Being a front-driver, if there’s anything the RLX could use, it’s a limited slip differential. Arguably overkill in a machine like this, designed more for luxury cruising than sporty performance, if Acura wants to compete with brands like BMW, it wouldn’t hurt. Even one of the low-tech electronic LSDs would be a good move, and would add little to the cost of the car.
FRONT-WHEEL DRIVE HAS ITS ADVANTAGES
The PAWS system is Acura’s engineering answer to its competitors, which are all almost entirely rear-wheel drive. In many ways it levels the playing field and allows Acura to take advantage of the fuel economy and packaging advantages of a front-wheel platform. As a result Acura can claim best in class interior room and fuel economy – though that final boast is misleading.
With the footprint of a mid-size sedan, Acura says the RLX is more of a full-size inside. Compared to rivals like the Mercedes E-Class, BMW 5 Series and Lexus GS it has more shoulder and head room, while delivering as much as three-inches more legroom.
Compared to the old pointy-nose RL, it’s surprisingly no longer, though the wheels have been pushed out to each end by two inches. It’s also two inches wider, and the new design gives it a stately look more becoming of its class. That’s definitely a good thing because Acura has a real issue with its overlapping lineup of front-wheel drive sedans.
Unfortunately the RLX still doesn’t look like much, though calling it less than handsome would be unfair. Acura is perhaps timid to try anything wild after the polarizing look of the TL. A notable design highlight includes the unique headlight assembly which Acura calls “jewel eye”. With 18-inch wheels standard, 19s are optional. One Acura employee did comment under his breath that he’d like to see 20s offered to help spice up the look. It wouldn’t hurt.
The added size is obvious inside with several inches of legroom to spare even for the over six-foot crowd. Plus trunk size has grown to a best-in-class 15.3 cu-ft. Now obviously bigger than the TL, the RLX has a reason to exist.
FLAGSHIP TECH FOR A FLAGSHIP SEDAN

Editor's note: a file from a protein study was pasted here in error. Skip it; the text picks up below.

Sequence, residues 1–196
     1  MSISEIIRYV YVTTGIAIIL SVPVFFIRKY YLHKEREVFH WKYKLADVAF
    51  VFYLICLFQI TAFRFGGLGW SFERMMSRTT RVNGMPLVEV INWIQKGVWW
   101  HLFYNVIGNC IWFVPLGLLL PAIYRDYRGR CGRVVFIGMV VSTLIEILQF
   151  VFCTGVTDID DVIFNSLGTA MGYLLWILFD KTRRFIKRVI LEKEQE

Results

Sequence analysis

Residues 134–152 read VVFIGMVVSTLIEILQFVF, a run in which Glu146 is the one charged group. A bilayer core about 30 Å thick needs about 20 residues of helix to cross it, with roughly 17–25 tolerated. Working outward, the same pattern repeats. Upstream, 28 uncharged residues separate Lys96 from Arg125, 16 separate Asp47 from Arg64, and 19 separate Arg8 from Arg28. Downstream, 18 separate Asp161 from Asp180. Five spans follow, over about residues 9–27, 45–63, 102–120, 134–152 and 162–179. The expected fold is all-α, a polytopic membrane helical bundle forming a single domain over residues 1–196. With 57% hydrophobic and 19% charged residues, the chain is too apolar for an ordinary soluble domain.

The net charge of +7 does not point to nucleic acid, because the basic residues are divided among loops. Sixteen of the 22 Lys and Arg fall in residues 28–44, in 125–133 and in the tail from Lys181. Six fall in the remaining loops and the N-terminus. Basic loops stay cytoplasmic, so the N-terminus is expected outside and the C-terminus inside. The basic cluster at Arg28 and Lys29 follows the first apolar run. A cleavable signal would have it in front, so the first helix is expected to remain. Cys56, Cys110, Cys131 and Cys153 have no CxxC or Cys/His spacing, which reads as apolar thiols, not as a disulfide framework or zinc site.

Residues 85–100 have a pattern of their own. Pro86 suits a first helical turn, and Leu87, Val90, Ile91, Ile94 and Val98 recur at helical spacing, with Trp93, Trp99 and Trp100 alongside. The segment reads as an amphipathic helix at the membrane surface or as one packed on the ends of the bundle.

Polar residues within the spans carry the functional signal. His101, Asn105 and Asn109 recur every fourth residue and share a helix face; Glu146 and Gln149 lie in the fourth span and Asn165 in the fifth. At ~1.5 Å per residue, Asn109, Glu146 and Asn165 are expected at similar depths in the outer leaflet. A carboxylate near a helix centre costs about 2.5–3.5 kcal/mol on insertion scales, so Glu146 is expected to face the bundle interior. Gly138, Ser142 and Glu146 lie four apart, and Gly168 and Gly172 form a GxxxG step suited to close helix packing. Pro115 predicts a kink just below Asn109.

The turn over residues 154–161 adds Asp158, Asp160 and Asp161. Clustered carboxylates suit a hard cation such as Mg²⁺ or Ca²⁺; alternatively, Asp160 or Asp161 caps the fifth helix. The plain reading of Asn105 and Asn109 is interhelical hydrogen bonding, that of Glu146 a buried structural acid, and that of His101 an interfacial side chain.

As the brand’s new flagship sedan it’s also introducing plenty of other new technology features, many which aren’t new to the industry, but which have been sorely lacking at Acura.
First up is adaptive cruise control with low speed follow. You just set the distance from the car ahead and a max speed and it will keep you rolling, even in stop-and-go traffic. It may sound like technology you’ll never use, but trust us, it’s one of the best convenience features money can buy and once you’ve used it, you’ll never go back.
In addition, there’s a lane keeping assist feature that will monitor the road ahead and then add steering if it detects you’re sliding out of your lane. We tested it at highway speeds, and it will keep the car in its lane as the road curves, even with no hands on the wheel! (Don’t try this at home).
Technology and features aren’t just on high-grade trims either. Starting at $48,450 the RLX gets a power tilt and telescopic steering wheel, keyless access and push button start, forward collision warning, lane departure warning plus an 8-inch screen up top to display the back up camera and available navigation, while an additional 7-inch screen directly below it is used for audio and redundant climate controls and features haptic feedback – meaning it pulses when you touch it.
The dual screens do seem redundant, though it does avoid having to switch between an audio screen and navigation screen if the car is so equipped. It also cleans up the cabin considerably, something Acura needs as its cars have historically featured dashes littered with buttons.
Rivals like Lexus solve the same issue by just having one massive 12.3-inch screen stretch across the dash, and it definitely makes more of an impact in the cabin.
Another standard feature is the latest generation AcuraLink telematics system. Through a tethered smartphone it allows a long list of apps to be brought into the car, from Pandora Internet Radio to a suite of Aha functions that can do everything from stream audio books to read your twitter and Facebook updates. Plus, vehicles equipped with navigation can also get realtime traffic updates for both highway and surface streets free for the first three years. Upgraded packages are also available offering everything from a stolen vehicle locater to a personal assistant.
PREMIUM YET SIMPLE CABIN
Certainly premium, in the usual understated Acura way it lacks the opulence of some rivals – again, the Lexus GS comes to mind. The design is clean and minimalist (perhaps too much so), though it does look modern – even the wood.
The gauges are a simple white on black, bookending a small digital multi information display screen. Adding navigation will change that screen to color, while added luxuries come with the volume Tech Package, which at $54,450 includes blind spot warning, a 14-speaker audio system, 19-inch wheels and upgraded leather.
Those in the hunt for more goodies and more luxury can get the lane keeping assist and adaptive cruise control features, along with collision mitigating braking (which will apply the brakes for you in case a collision is seen as unavoidable), vented front seats and heated rears for $60,450 in the Advance package.
UPDATED V6, SAME OLD TRANSMISSION
To better advance the big Acura down the road is a new 3.5-liter V6 engine. Smaller than last year’s 3.7-liter it gains direct injection as well as the first use of variable cylinder management (allowing it to run on just 3 cylinders) in an Acura, to deliver more power and better fuel economy.
Output is rated at 310 hp and 272 lb-ft of torque, while fuel economy is 20 mpg city, 31 mpg highway and 24 mpg combined. That is better than any of the RLX’s six-cylinder competitors, though short of the BMW 528i’s turbocharged 4-cylinder engine.